Chemistry Graduate Research Yields Patent for University
Posted: April 26, 2005 at 1:00 am, Last Updated: November 30, -0001 at 12:00 am
By Lynn Burke
Research that began in 1997 when James Wynne was working on his doctorate with chemistry professor Wayne Stalick has brought George Mason a patent for a process to synthesize gamma-carbolines. These compounds can be used in a variety of pharmaceutical applications and to treat neurodegenerative diseases.
“Many recent reports have noted that gamma-carbolines possess numerous biological activities,” reports Stalick. “For example, several substituted gamma-carbolines were examined in a series of in vitro and in vivo pharmacological tests and demonstrated antipsychotic, antibiotic, antitumor, and other related activities. These substances and their precursors are closely related to compounds found to be active against HIV-1, diabetes, and cancer, along with other various medicinal activities.”
Before Wynne and Stalick invented their process, there was no general method for synthesizing gamma-carbolines. “A select number of these compounds were synthesized by unique pathways that were very harsh, and the number of compounds formed was minimal,” says Stalick. “In many cases, the gamma-carbolines reported were actually side products formed in an attempt to make other molecules.”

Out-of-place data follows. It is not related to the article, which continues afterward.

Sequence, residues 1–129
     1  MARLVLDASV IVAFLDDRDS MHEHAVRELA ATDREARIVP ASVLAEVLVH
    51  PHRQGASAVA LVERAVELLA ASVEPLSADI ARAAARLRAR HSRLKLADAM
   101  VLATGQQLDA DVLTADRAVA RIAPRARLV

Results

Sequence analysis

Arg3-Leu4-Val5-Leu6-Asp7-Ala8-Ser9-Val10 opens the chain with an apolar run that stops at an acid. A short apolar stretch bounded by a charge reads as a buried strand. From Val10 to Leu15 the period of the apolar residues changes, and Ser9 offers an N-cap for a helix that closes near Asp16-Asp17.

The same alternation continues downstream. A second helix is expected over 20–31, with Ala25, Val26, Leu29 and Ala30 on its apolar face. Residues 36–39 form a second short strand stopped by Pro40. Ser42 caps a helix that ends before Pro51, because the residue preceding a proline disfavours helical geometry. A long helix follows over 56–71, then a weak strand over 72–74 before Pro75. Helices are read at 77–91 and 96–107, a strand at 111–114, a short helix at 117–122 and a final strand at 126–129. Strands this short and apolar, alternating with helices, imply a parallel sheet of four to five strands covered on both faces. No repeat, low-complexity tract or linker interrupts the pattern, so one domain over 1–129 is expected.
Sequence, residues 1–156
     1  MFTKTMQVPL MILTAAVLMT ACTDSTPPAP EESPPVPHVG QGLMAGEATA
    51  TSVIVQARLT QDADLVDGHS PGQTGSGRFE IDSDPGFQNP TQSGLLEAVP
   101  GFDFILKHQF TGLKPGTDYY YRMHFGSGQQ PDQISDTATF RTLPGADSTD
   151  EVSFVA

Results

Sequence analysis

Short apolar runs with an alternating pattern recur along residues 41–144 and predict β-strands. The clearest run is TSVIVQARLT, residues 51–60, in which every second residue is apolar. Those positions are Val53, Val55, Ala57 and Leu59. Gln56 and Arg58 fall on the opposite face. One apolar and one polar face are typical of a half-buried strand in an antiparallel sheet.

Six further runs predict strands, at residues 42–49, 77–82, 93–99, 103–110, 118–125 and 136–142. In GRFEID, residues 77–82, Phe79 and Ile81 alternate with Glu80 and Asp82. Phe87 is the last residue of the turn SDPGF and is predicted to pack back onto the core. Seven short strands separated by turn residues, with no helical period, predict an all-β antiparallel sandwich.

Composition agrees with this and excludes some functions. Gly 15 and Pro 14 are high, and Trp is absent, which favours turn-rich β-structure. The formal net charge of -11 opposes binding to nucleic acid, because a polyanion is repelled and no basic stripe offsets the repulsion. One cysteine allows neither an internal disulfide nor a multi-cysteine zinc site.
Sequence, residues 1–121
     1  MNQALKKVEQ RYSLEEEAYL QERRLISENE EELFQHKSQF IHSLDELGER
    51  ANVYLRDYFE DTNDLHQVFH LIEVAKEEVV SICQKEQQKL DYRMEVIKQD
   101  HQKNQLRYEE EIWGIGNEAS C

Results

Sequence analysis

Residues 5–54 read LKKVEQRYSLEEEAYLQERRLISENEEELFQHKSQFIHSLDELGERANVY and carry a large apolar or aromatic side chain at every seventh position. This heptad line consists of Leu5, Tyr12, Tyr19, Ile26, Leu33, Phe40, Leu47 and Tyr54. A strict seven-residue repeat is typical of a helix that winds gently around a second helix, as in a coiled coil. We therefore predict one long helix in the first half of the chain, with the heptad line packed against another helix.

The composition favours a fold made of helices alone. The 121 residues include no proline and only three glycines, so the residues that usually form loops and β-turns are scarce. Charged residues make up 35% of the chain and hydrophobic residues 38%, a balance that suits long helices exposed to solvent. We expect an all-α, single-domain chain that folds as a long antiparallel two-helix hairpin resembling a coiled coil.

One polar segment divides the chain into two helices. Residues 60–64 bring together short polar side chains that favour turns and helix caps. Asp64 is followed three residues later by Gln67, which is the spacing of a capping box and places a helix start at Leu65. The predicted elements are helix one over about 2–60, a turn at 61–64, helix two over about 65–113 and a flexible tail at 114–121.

The compounds still face testing before they can be used to treat humans, a process that can take a long time. One of the team’s compounds was tested by the Tuberculosis Antimicrobial Acquisition and Coordinating Facility of the National Institute of Allergy and Infectious Diseases of the National Institutes of Health. The compound passed the first test with 100 percent efficiency as a novel drug for treating mycobacterial infections.It is now in level-two tests for cytotoxicity assay. Wynne and Stalick are searching for other laboratories to run tests on their compounds to see if they are active against any of the diseases mentioned above.
Stalick retired from Mason last year and is now chair of the Chemistry Department at Central Missouri State University. Wynne, who received his PhD in environmental science and public policy from Mason in 2001, is a staff researcher in the Materials Chemistry Branch of the U.S. Naval Research Laboratory.